Several airlines have said they won’t fly over Belarus after dissident journalist Roman Protasevich was arrested on a flight diverted to Minsk.
Protasevich was detained along with his Russian girlfriend Sofia Sapega on May 23.
Belarus authorities have released a video of Mr Protasevich that appears to have been recorded under duress since his arrest.
But who is the journalist, why was he arrested - and what will happen to him now?
What happened in Belarus?
A Ryanair plane travelling from Greece to Lithuania was diverted to Minsk, Belarus on Sunday 23 May over a reported bomb threat.
However, Western countries accuse Belarus of hijacking the plane, which was carrying journalist Roman Protasevich. He was arrested in Minsk when the plane landed, along with his girlfriend.
Officials later said no explosives had been found on board while the deputy air force commander said the plane’s crew made the decision to land in the Belarus capital.
Belarus state media said the country’s president Alexander Lukashenko personally ordered a MiG-29 fighter jet to escort the flight Protasevich was on.
The European Union and the UK have issued new sanctions against Belarus in light of the incident.
Transport Secretary Grant Shapps instructed the Civil Aviation Authority to request airlines avoid Belarusian air space “to keep passengers safe”.
Shapps also suspended the operating permit for Belavia, the country’s state-owned airline, while EU leaders have called on member states to do the same.
Who is Roman Protasevich?
Protasevich is a former editor of media channel Nextra, which also has a telegram app. It currently has around 1.5 million subscribers.
It was declared extremist by the authorities last year after it helped organise mass demonstrations against President Lukashenko’s election victory.
The president has been in power for 27 years, and has been referred to by media outlets as ‘Europe’s last dictator’.
After leaving Belarus in 2019, Protasevich fled to Lithuania over fears he would be arrested.
Why was Roman Protasevich arrested?
Roman Protasevich, 26, was on board the Ryanair flight from Athens to Vilnius on May 23 when it was forced to change course.
He was arrested alongside his girlfriend Sofia Sapega, and faces charges of terrorism and inciting riots after his reporting of the 2020 Belarusian presidential election, which he did from Lithuania.
Protests took place in Belaruslast year for several months as hundreds of thousands took to the streets to demonstrate against the election results, which saw Lukashenko win a sixth term in office amid widespread allegations the result was rigged.
Protasevich’s media channel Nexta played a key role in opposing the vote as it operated a telegram messaging app, which allowed people to communicate amid news blackouts imposed by the government.
How have other countries responded?
European Council president Charles Michel said Minsk was playing “Russian roulette” after the plane was diverted and the prominent critic was arrested in Belarus.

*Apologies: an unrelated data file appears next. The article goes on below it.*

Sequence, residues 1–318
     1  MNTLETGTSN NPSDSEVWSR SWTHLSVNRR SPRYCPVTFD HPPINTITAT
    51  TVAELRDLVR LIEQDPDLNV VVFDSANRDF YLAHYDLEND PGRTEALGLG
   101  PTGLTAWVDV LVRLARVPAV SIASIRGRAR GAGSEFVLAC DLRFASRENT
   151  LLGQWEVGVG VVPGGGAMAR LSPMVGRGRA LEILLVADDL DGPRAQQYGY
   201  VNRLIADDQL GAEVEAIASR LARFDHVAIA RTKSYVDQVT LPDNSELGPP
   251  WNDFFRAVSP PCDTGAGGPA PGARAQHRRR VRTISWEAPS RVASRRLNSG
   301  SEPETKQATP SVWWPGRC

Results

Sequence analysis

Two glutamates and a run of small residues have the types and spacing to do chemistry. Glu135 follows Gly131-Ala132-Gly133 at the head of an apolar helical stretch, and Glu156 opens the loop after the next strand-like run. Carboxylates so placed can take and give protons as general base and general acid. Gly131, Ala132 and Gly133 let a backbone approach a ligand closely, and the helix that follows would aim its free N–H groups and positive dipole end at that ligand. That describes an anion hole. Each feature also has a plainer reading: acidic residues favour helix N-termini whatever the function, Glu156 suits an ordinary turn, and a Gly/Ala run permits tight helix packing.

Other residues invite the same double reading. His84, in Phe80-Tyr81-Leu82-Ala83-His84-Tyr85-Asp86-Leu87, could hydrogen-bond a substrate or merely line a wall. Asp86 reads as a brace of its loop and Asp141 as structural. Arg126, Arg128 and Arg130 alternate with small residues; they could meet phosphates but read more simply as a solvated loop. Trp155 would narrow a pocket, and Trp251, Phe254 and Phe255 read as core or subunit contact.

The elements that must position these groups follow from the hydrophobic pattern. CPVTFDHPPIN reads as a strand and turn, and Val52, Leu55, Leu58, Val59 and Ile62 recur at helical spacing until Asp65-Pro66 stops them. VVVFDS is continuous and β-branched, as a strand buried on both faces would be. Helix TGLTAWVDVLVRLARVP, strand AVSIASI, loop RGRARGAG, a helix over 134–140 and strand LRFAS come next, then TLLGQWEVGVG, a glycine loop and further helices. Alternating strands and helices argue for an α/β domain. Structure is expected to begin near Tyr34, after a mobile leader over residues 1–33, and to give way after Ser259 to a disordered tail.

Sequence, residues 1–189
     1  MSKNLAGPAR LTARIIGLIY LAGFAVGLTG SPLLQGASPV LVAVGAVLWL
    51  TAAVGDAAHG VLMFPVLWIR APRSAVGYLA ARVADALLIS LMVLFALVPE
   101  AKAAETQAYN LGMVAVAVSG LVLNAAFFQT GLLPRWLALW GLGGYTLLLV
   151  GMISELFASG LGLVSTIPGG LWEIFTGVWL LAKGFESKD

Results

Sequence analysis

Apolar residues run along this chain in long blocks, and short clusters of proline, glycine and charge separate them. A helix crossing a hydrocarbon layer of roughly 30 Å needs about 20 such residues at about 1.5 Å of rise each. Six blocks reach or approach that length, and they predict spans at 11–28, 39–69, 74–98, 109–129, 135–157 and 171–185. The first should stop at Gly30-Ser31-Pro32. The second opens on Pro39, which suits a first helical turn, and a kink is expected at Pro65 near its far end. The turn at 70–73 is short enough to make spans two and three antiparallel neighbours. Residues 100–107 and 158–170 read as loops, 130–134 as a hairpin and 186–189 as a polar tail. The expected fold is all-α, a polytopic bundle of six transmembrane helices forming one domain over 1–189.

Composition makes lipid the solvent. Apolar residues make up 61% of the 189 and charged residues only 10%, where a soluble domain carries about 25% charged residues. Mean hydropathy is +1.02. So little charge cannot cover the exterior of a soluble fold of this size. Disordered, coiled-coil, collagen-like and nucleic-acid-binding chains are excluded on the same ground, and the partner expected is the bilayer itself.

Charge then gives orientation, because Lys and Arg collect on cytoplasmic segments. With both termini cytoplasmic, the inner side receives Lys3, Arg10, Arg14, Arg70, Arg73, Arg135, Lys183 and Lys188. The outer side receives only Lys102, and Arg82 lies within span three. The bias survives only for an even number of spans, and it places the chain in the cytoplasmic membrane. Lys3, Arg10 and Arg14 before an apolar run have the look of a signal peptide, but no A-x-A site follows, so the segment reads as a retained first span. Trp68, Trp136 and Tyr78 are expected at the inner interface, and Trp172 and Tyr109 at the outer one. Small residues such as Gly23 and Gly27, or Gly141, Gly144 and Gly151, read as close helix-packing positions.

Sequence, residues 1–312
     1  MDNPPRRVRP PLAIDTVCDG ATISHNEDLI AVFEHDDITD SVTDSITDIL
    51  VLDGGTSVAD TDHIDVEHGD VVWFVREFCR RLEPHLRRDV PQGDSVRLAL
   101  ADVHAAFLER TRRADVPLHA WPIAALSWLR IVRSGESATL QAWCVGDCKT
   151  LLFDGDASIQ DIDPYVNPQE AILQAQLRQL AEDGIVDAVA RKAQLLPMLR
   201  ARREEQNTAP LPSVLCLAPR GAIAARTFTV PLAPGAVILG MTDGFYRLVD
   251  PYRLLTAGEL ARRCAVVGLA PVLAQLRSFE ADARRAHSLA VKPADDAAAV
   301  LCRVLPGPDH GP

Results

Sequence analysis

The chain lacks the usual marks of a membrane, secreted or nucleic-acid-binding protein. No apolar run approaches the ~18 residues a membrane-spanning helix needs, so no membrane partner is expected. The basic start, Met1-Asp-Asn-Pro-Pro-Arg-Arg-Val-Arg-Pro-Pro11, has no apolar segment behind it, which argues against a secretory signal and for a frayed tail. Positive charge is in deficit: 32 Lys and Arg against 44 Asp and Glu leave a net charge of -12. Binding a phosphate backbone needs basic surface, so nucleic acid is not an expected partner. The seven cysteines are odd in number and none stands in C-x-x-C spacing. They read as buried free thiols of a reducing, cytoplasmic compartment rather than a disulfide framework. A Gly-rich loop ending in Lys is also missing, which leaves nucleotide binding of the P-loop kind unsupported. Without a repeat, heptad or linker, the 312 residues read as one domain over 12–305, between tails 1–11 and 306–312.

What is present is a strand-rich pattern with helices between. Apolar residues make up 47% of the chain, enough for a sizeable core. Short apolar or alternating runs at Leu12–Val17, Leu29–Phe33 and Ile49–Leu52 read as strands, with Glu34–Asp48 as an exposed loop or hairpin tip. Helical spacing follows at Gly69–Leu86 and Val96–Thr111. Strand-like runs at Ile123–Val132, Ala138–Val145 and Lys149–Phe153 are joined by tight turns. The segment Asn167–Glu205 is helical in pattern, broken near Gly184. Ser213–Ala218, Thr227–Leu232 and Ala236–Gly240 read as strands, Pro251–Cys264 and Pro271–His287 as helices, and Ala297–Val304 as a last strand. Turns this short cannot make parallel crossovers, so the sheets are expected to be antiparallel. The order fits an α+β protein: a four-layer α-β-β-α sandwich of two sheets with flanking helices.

Speaking in the early hours of May 25 in Brussels, Michel said the events were “unacceptable, shocking and scandalous”.
“We will not tolerate that they play Russian roulette with the lives of innocent civilians,” he added.
Michel called for the release of Protasevich and his girlfriend Sapega.
Lukashenko has been president of Belarus since the post was established in 1994. He was re-elected for a sixth time in 2020, winning 80% of the vote in a ballot deemed “neither free nor fair” by the EU.
European Commission president Ursula von der Leyen said the plane incident was a “hijacking”.
She said: “This is an attack on democracy. This is an attack on freedom of expression.
“And this is an attack on European sovereignty. And this outrageous behaviour needs a strong answer.”
Foreign Secretary Dominic Raab said in the Commons on 24 May that it was “very difficult to believe” the seizure of Protasevich from the flight could have taken place “without at least the acquiescence of the authorities in Moscow”.
He said that although the situation was not yet clear, the relationship between Minsk and Moscow suggested Russian leaders may have been aware of the plans in advance.
What’s happening to Roman Protasevich now?
In a video released by Belarusian authorities on 24 May, Protasevich appeared to admit he was involved in organising mass protests in Minsk last year.
He said: “Yesterday I was detained by law enforcement officials at Minsk airport.
“Currently I am at detention centre 1 in Minsk.
“I can state that I am not experiencing any health problems, nor with my heart or other organs.
“The treatment from the officials here has been maximally correct and according to law.
“Now I am continuing to cooperate with the investigation and am confessing to organising mass disturbances in Minsk.”
He said: ''I think he was forced. It's not his words, it's not his intonation of speech, he is acting very reserved and you can see he is nervous."
The UK Prime Minister said the video was “deeply distressing” and called for Mr Protasevich’s release.
He tweeted: “The video of Roman Protasevich makes for deeply distressing viewing.
“As a journalist and a passionate believer in freedom of speech I call for his immediate release.
“Belarus’ actions will have consequences.”
Additional reporting by PA.